Last summer, movie audiences finally saw how Hugh Jackman got his adamantium claws in X-Men Origins: Wolverine, showcasing the most popular character from Marvel's mutant superhero crew. Right now, in Get Him to the Greek, Russell Brand is reprising his louche British rocker Aldous Snow, hitherto a support act in Forgetting Sarah Marshall and now the headliner. The Shrek series has run its course but Antonio Banderas remains adamant that a solo outing for Puss in Boots is still striding forth.
Meanwhile, anyone who witnessed the recent MTV Awards saw Tom Cruise shaking his sizeable booty in the guise of his bilious, bullet-headed, hip-hopping studio exec Les Grossman, his character in Tropic Thunder: a cleverly calculated test-run for MTV / Paramount's recently announced Untitled Les Grossman Project.
Yes, Wolverine is effectively a prequel and Get Him to the Greek is a sequel of sorts. Cruise's Grossman film could go either way. But they're all examples of the spin-off, Hollywood's latest bid to work every possible angle from potential franchises.
Spin-offs are not new. What is Mark Twain's 1884 masterpiece The Adventures of Huckleberry Finn, if not a tributary using a character from The Adventures of Tom Sawyer? Orson Welles's villainous Harry Lime, shot dead at the end of 1949's The Third Man, proved so popular that he was resurrected in an early Fifties radio show, The Lives of Harry Lime, based on Lime's earlier escapades and voiced by Welles.
TV shows have played the same game, with varying success rates. For every Frasier, the award-laden Cheers spin-off, there's a Joey, the hapless Friends extension. Yet a hit can yield multiple returns, as evidenced by Happy Days ( Laverne and Shirley, Mork and Mindy) and Doctor Who ( Torchwood, The Sarah Jane Adventures).
Traditionally, movies are different beasts. While sequels and prequels, or "reboots" ( Batman Begins, Star Trek), have been the continuation method of choice, recently the spin-off appears to have woven a cunning web of new strands. Marvel Studios will link its superhero titles – Iron Man, The Incredible Hulk, the upcoming Thor and Captain America – in a forthcoming team effort, The Avengers. The studio's X-Men franchise, despite the dire Wolverine, is attempting something similar, while George Lucas's Star Wars empire has more offshoots than you can shake a lightsaber at.
Given the built-in back-stories and fanbases of superhero and sci-fi franchises, such overlaps and sidebars are understandable. Projects such as Get Him to the Greek seem less certain bets, though creative tweaks cast Brand's Snow as a more tragically aware figure than he was in Sarah Marshall.
Yet regardless of nips and tucks, spin-offs often seem stitched together from spare parts, like Frankenstein's monster. Tommy Lee Jones won an Oscar for his performance as Lt Gerard in The Fugitive, doggedly pursuing Harrison Ford. But when he revisited the character in US Marshals, it was audiences who scarpered, not Ford. The gritty sci-fi Pitch Black kept Vin Diesel's intriguing anti-hero Riddick cloaked in the shadows but the garish The Chronicles of Riddick laid him bare, looking silly.
"I think [spin-offs] can work but there's a fine balance," says the British director Tom Harper, who is currently working on This Is England '86, a four-part TV spin-off from Shane Meadows' acclaimed, largely autobiographical 2006 film. "All too often it happens because producers want to cash in on the success of the initial premise and it's not possible to do any more because actors have gone off or it can't continue in its current form."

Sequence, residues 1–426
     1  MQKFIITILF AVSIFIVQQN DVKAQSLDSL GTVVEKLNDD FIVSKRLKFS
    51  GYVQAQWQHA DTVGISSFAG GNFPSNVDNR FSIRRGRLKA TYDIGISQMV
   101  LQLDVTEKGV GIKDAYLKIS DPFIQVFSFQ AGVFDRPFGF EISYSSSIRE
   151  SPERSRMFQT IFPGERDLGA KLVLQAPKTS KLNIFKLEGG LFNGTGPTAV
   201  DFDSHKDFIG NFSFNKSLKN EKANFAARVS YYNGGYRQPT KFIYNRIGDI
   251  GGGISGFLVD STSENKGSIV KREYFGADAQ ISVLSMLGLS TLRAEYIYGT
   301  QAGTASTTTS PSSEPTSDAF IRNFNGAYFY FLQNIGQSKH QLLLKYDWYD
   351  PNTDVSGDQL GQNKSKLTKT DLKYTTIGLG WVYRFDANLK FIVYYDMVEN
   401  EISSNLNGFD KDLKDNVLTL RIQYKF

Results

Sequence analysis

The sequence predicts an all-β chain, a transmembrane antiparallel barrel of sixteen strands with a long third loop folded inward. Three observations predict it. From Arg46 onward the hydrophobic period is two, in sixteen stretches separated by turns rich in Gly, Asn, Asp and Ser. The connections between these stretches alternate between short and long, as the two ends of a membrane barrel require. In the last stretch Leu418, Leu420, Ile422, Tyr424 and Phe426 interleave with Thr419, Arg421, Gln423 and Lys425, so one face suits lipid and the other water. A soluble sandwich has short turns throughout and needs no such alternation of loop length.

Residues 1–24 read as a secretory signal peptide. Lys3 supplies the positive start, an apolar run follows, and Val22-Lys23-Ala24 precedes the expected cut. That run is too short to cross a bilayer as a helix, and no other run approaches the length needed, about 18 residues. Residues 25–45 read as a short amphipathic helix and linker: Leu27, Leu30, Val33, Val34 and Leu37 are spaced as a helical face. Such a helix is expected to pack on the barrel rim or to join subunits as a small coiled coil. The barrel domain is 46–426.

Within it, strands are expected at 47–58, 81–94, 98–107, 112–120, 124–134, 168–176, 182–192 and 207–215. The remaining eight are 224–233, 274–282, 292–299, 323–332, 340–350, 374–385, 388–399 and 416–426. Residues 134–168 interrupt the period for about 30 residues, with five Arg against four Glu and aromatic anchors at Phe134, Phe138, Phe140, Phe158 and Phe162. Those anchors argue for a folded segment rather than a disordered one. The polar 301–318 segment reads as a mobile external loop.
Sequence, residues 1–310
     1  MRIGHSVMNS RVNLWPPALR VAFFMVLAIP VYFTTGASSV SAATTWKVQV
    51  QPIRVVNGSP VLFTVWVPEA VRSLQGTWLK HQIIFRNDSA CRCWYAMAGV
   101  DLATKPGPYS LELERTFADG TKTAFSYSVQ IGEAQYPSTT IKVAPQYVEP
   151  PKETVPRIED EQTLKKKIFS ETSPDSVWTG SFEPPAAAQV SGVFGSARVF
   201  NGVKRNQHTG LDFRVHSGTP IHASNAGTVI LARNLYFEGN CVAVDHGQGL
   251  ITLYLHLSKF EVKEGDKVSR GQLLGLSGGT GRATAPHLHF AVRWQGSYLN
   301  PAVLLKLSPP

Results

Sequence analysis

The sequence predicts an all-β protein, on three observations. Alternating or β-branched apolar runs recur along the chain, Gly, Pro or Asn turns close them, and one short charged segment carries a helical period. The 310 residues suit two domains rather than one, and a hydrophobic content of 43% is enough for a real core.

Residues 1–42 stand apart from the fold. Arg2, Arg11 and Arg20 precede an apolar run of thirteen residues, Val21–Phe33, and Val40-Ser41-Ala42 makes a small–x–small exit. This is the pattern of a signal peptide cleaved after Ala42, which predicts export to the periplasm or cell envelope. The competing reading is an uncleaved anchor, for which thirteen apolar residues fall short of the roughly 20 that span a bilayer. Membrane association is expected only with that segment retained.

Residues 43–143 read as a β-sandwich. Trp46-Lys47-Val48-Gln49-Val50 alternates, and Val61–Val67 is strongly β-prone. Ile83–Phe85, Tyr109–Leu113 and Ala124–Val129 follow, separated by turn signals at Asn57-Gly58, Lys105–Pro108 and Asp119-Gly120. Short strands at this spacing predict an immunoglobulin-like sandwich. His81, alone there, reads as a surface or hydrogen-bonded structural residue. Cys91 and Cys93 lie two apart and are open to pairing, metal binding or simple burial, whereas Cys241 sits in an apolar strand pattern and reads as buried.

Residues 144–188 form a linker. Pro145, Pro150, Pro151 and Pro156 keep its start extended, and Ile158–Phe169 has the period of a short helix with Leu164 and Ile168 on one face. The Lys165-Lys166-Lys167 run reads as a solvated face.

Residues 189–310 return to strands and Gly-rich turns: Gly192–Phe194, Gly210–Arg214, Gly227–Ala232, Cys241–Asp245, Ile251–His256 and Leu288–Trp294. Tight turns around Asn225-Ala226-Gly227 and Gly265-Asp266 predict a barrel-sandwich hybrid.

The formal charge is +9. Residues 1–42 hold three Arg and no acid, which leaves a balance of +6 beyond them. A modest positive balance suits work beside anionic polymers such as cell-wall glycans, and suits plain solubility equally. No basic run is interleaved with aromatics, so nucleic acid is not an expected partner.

The evidence is damning. Did studios seriously feel that audiences craved a continuation to the Jim Carrey vehicle Bruce Almighty, promoting Steve Carell from a small role as a hapless weatherman to Job-like lead in Evan Almighty? Or was Carell, then an emerging star, simply a cheaper replacement for the $25m Carrey? Likewise, recent horror "mash-ups" such as Alien vs Predator had no chance of recruiting stars such as Arnold Schwarzenegger or Sigourney Weaver, nor directors such as Ridley Scott or James Cameron, thereby diluting any potency the originals once boasted.
Harper is adamant that This Is England '86 has sturdier motivations, citing Meadows's commitment (he and Harper direct two episodes each) and a returning cast, including Thomas Turgoose and Stephen Graham,as proof. "It's just Shane going, 'This is unfinished business and there are still some other stories that I'm desperate to tell. So rather than go away and do my next feature, I can't get my head out of this world and this is the story I want to tell,'" Harper recounts. "This cast and this family he's built around him are important and it shows. So hopefully that will make it stand out."
This distinguishing factor is the creation of a world that both creator and audiences can invest in, where characters can co-exist and there's a greater validation for returning to their stories. Kevin Smith's output is hit-and-miss but his "View Askewniverse", explored in Clerks and its spin-off Jay and Silent Bob Strike Back alike, feels more integral and honest. Likewise, the cross-referencing of characters in Reservoir Dogs, True Romance and Pulp Fiction would justify Quentin Tarantino revisiting his creations.
George Lucas or Marvel could use the same arguments for their continued explorations or exploitations of their fictional worlds, of course: it's up to us to decide if they are resorting to thrifty recycling in times of economic austerity, or merely milking the cash cow dry. But when Harper talks of Meadows's "unfinished business", it's clear he means "emotionally". In too many spin-offs and sequels, it's business in the financial sense that keeps the projects turning over and over.